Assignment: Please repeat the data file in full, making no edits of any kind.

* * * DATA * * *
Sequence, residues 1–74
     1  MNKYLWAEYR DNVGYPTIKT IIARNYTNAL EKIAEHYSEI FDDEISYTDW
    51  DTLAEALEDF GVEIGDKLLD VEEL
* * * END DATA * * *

Sequence, residues 1–74
     1  MNKYLWAEYR DNVGYPTIKT IIARNYTNAL EKIAEHYSEI FDDEISYTDW
    51  DTLAEALEDF GVEIGDKLLD VEEL